In 1999, a year in which Calvert remained the state's fastest-growing county, the biggest stories of the year, not surprisingly, had to do with growth--and the battle to contain it.

At the end of the year, the county celebrated achieving a goal set 20 years ago: the preservation of at least 20,000 acres of farmland. Throughout the year, the county commissioners hashed out ways to continue financing and improving the preservation program, which involves granting participants development rights that in turn can be transferred to developers seeking to build in more populated areas.

At the same time, the commissioners worked to find ways to put a cap on growth in the county. In April, the three Republican commissioners on the five-member board approved zoning changes aimed at cutting potential growth by about half. The commissioners increased the minimum buildable lot size, a move projected to limit future growth in the county to no more than 37,000 households.

That measure came one month after 600 residents gathered to listen to the commissioners and members of the Planning Commission discuss ways to preserve the county's rural character while coping with the financial strains caused by development.

School Superintendent James R. Hook told those gathered at that March meeting that the rise in Calvert's enrollment--which has shown the highest rate of increase in the state during the past decade--would force the construction of nine schools in 10 years. "We are courting disaster if we continue at the same pace," he said.

Growth continued at the Community College at Calvert County, where enrollment has jumped by 71 percent during a 10-year period, according to the school's annual report. Growth is expected to continue at the same rate in Calvert, where the community college's new Prince Frederick Campus building--estimated to cost $15.4 million--is scheduled to open in 2003. In July, the college officially will become part of the new College of Southern Maryland, combining the region's three community colleges.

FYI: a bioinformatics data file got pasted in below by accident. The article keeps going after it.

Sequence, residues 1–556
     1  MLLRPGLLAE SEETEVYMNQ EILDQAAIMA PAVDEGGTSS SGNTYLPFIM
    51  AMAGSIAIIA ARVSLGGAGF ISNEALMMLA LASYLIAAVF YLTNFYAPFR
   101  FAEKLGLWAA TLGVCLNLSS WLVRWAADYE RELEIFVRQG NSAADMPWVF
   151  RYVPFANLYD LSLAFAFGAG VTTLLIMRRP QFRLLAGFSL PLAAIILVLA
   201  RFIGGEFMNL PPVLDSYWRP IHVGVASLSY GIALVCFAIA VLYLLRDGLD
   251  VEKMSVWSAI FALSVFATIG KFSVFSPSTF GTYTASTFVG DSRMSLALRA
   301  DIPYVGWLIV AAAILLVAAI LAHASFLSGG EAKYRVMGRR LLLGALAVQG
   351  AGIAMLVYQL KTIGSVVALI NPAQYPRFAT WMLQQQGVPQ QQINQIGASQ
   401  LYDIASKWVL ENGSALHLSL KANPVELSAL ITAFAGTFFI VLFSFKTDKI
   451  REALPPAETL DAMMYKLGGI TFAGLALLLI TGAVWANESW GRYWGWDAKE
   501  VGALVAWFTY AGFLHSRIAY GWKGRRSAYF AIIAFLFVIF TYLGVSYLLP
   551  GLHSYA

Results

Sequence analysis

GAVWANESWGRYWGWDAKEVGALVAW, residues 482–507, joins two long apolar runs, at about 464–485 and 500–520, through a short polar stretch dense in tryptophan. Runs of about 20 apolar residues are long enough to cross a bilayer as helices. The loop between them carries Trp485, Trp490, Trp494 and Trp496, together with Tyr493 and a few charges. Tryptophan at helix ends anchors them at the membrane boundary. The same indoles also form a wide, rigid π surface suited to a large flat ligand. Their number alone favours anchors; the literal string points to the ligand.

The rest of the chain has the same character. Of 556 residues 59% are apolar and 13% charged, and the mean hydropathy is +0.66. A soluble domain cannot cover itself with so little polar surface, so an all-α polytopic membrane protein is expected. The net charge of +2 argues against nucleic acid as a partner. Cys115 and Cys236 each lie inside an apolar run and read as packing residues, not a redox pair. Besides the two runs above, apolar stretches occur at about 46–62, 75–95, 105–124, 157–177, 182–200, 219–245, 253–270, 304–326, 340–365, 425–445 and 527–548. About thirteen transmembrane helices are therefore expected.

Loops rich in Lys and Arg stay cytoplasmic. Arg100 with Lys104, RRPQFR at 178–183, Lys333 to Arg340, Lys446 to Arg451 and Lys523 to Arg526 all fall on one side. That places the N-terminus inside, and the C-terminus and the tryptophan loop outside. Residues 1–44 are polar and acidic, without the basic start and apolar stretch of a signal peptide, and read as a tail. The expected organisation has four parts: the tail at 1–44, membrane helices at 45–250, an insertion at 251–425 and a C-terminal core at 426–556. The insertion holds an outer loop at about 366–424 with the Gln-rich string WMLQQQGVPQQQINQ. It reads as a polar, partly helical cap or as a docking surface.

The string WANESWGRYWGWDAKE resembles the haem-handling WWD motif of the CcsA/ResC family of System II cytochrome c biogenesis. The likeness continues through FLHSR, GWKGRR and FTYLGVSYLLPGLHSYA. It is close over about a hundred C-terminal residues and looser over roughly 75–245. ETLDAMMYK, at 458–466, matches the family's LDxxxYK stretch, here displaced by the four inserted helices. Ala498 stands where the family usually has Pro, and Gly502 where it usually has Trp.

The commissioners also agreed to a $3.5 million expansion of the public library in Prince Frederick.

Community activists who appeared before the commissioners in December said that spiraling development is especially hurting the poor. Joseph P. Danahy, a founder of the Calvert County Affordable Housing Coalition, told commissioners that the need for more low-cost housing in Calvert County has been an issue for 20 years and is worsening.

The coalition has asked for more than $5 million in county funds over the next five years to help create 250 housing units for first-time homeowners and 250 rental units, as well as to rehabilitate 250 existing homes that lack indoor plumbing. The commissioners are considering pledging $2 million toward the effort over the next five years, as well as granting another request from the coalition: designating a public administrator to coordinate the development of affordable housing in the area.

Growth wasn't the only issue that touched Calvert in 1999. The Calvert Cliffs Nuclear Power Plant continued to push to become the first U.S. nuclear plant to gain relicensing--despite a court fight over the scope of the relicensing review of plant operations.